If the Red Sox can win the World Series, then hell must be frozen over, and yes, those are indeed pigs in the air. So it's an appropriate time for the Broward Center for the Performing Arts (201 SW Fifth Ave., Fort Lauderdale) to stage When Pigs Fly. The play answers the question, "Can a gay man who is in love with the theater find happiness?" The work was written by late costume designer Howard Crabtree and plays out his "dream autobiography" of his life with partner/lyricist/sketch writer Mark Waldrop. Laugh, hear songs like "Wear Your Vanity with Pride," and learn how to do drag properly. The show starts at 7:30 tonight, and tickets cost $27. It runs through Sunday. Call 954-462-0222.
You think you're pretty clever down at the local comedy club, sitting in the audience and hurling insults at the poor sap on stage. You think you can do better? Screw it -- why not? That's how Patrice O'Neal got started. A staple of Comedy Central, O'Neal has appeared in anything from sketch comedies like Chappelle's Show to animated shows like Shorties Watchin' Shorties, in which he plays a younger, diapered version of himself (imagine an adult-oriented version of Rugrats). On the standup front, O'Neal comes from the Richard Pryor/George Carlin school of comedy, approaching his material with a little more honesty and verve than the average "look what happened to me on the subway" variety of comic. Don't even think of heckling him -- he's already played that game. And won. O'Neal performs today and Saturday at the New York Comedy Club (8221 Glades Rd., Boca Raton). Tickets cost $15 to $20. Call 561-470-6887.
Like the famously overlooked Funk Brothers -- the legendary men behind the Motown curtain -- Jamaica's Soul Syndicate has spent the past three decades relegated to its status as a studio band. Thus, the rootsy reggae group will never know the joys of having its stickers proudly displayed on the water bongs of American college students. But it's never too late, right? The Syndicate must have some good karma heading its way. Well, that may be, as the band performs at tonight's Karma at Club XIT (219 N. 21st Ave., Hollywood) along with local radio jocks Mega Flexx and Six Pack. Also appearing from the other side of the receiver is 103.5 FM's Papa Keith, who doles out free tequila shots to the ladies. So come share in the good vibes -- and pass a little along to the band. Call 954-925-5801.
Toss the rubber ducky and have a splash adventure with your dog. It's the last day of the season for the Splash Adventure water playground at Quiet Waters Park (401 S. Powerline Rd., Deerfield Beach). Rangers have neutralized the chemicals and flung open the gates so that your pets can climb through tunnels, go down slides, and get squirted by sprinklers. The "Bark, Wiggle, and Splash" event also features a leash-free zone where dogs can run wild, plus contests, games, vendors, dog adoptions, and a dog wash. If you feel like settling in awhile, check out the "Bed & Bark" section -- 23 lakefront, elevated, canvas tent sites with grills and picnic tables. The event starts on Saturday and ends today. It costs $1 per person to get into the park and $2 per dog to play in the water playground. Donations will help the Pet Aid League offer veterinary care to pets of low-income families. Call 561-752-3043, or visit www.havedog.com.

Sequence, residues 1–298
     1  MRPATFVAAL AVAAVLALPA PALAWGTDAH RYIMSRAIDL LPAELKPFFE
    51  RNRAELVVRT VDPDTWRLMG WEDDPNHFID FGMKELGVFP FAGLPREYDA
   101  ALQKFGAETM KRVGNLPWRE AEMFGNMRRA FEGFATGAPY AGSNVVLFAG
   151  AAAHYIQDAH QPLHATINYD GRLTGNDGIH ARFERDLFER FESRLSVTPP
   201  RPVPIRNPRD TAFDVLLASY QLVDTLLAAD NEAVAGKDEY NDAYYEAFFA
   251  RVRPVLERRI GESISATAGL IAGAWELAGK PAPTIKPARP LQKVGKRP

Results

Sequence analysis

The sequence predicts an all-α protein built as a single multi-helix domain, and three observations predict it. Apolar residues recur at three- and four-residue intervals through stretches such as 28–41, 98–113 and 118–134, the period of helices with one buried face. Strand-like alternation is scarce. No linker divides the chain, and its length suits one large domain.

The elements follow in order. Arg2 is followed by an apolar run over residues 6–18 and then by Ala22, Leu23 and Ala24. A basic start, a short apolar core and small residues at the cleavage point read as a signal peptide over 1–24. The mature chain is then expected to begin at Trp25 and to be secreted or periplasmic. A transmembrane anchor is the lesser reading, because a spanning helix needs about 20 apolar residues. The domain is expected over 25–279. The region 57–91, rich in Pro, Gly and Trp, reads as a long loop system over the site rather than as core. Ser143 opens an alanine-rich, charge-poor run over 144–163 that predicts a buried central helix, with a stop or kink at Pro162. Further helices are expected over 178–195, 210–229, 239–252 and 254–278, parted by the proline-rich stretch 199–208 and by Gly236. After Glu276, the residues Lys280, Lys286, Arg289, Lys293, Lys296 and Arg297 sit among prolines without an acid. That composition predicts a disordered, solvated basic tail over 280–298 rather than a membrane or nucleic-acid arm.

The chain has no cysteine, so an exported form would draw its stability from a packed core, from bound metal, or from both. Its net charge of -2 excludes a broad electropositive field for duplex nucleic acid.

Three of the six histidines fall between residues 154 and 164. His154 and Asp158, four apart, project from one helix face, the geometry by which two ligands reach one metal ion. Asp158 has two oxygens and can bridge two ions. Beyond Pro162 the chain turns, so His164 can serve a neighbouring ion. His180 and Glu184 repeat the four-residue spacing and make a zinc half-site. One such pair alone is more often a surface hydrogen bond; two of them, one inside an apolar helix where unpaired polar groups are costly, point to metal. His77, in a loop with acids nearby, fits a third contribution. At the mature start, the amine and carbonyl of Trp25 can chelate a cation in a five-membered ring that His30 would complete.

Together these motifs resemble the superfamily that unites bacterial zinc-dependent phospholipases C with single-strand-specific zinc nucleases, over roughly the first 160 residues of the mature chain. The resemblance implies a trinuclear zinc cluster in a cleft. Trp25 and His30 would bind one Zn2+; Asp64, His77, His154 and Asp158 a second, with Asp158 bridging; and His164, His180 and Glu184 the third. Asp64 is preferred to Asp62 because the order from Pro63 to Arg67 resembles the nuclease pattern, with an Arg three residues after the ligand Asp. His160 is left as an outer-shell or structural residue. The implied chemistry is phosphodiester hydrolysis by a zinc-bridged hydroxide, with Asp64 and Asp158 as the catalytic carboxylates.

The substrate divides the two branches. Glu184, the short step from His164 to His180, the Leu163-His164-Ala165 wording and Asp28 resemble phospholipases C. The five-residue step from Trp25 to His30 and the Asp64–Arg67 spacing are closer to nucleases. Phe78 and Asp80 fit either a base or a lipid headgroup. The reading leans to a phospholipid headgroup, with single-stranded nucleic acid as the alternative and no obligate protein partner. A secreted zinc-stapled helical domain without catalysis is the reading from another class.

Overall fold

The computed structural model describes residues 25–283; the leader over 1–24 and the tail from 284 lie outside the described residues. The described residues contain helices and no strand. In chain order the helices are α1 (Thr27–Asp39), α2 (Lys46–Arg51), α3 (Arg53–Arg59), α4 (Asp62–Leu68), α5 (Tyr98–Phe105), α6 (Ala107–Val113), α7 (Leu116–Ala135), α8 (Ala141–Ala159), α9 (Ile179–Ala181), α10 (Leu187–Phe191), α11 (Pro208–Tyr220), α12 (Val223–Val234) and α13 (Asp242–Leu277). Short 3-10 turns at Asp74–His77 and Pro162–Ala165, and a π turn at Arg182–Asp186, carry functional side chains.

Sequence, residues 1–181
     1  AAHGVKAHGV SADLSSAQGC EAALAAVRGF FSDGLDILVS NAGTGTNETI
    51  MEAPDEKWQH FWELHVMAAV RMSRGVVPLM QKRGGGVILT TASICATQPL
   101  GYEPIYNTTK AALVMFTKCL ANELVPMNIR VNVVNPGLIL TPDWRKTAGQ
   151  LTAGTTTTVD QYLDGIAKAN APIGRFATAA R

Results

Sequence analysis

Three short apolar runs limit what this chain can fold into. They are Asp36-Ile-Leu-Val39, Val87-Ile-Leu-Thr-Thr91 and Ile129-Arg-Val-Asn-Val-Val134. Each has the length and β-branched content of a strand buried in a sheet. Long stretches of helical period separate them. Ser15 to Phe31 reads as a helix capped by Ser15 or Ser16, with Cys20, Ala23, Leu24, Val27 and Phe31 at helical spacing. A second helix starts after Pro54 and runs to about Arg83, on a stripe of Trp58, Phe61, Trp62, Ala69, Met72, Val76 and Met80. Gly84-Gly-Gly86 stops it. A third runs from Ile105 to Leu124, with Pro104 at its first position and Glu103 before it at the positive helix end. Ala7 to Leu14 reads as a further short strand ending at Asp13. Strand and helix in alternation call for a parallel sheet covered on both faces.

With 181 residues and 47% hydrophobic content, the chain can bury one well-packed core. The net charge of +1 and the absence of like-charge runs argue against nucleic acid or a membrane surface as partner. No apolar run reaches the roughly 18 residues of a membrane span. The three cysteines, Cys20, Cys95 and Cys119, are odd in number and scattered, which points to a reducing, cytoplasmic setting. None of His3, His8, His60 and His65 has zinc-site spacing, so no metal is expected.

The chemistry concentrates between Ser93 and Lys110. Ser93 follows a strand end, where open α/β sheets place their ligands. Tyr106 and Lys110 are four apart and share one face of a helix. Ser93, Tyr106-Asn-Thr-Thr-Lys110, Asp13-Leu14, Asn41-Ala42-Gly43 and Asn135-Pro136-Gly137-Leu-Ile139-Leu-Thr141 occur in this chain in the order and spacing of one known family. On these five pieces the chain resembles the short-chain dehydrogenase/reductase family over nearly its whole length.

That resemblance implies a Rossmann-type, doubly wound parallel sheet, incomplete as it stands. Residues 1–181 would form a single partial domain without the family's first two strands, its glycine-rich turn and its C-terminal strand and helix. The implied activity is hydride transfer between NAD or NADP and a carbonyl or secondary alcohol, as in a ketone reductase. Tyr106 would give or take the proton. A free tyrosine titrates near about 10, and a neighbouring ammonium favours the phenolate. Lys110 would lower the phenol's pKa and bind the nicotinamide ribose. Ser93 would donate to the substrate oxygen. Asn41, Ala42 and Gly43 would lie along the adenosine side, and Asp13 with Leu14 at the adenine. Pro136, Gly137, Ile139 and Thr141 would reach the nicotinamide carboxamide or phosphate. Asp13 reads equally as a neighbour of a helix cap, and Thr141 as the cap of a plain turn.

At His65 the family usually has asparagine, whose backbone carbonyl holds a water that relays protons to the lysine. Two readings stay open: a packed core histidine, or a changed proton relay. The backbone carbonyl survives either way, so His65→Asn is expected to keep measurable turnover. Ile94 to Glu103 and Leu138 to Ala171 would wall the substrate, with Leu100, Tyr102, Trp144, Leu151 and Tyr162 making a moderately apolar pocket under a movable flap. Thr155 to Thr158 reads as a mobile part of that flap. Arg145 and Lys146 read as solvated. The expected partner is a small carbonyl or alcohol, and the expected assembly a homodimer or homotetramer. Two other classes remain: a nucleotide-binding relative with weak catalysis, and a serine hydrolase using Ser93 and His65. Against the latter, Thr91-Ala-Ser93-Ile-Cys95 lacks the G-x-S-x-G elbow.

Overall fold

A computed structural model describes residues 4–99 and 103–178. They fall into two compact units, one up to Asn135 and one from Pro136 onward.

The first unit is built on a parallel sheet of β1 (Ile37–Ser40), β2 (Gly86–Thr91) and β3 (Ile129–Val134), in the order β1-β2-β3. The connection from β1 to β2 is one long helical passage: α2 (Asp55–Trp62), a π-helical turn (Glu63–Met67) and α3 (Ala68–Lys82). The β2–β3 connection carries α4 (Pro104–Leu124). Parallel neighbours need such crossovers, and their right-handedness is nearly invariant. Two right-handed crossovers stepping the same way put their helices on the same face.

A kiss is just a kiss... unless it's The Kiss -- the famous sculpture by Auguste Rodin that shows a man and woman going in for a heavy-duty makeout sesh. This A-Rod certainly had a way with a blowtorch! But wait -- there weren't any blowtorches in 1886. So how did he craft all those bronze pieces? Find out from sculptor Mary Louise Snowden, who inherited Rodin's personal tools through three generations of sculptors and set to work on her own masterpieces. When she was 36 years old, Snowden was awarded a Lifetime Achievement in American Sculpture, and in 1992, she won the world's most prestigious sculpture prize, the International Rodin Competition Special Grand Prize. Check out some of her work (and those tools!) at New River Fine Art (914 E. Las Olas Blvd., Fort Lauderdale) through November 26. This way, when you go see the "Flame of Liberty" sculpture that's currently being created for the World War II Memorial in Washington, D.C., you can say, "Yeah, I know the chick who made that, and I know how she did it." Call 954-524-2100.
Hey dude, like, who's your favorite guitar player? Is it Eddie Van Halen? Steve Vai? Eric Clapton? All three? Boy, are you a tool -- have you not heard of Adrian Legg? That guy can play, and we're not talking about generic, ten-fingered metal solos and gratuitous pick slides; this guy is the Obi-Wan Kenobi of guitar playing. Sure, the bald-headed, bespectacled Legg doesn't look like your average shredder (if you saw him in Sam Ash, you'd think he's shopping for his kid), but his technique is nothing short of wizardry. It's no surprise he was voted Guitarist of the Decade in Guitarist magazine's readers poll. You don't need to mosh to enjoy his playing. Just stand there and let your jaw drop. Adrian breaks a leg at 9 tonight at the Bamboo Room (25 S. "J" St., Lake Worth). Tickets cost $15. Call 561-585-2583.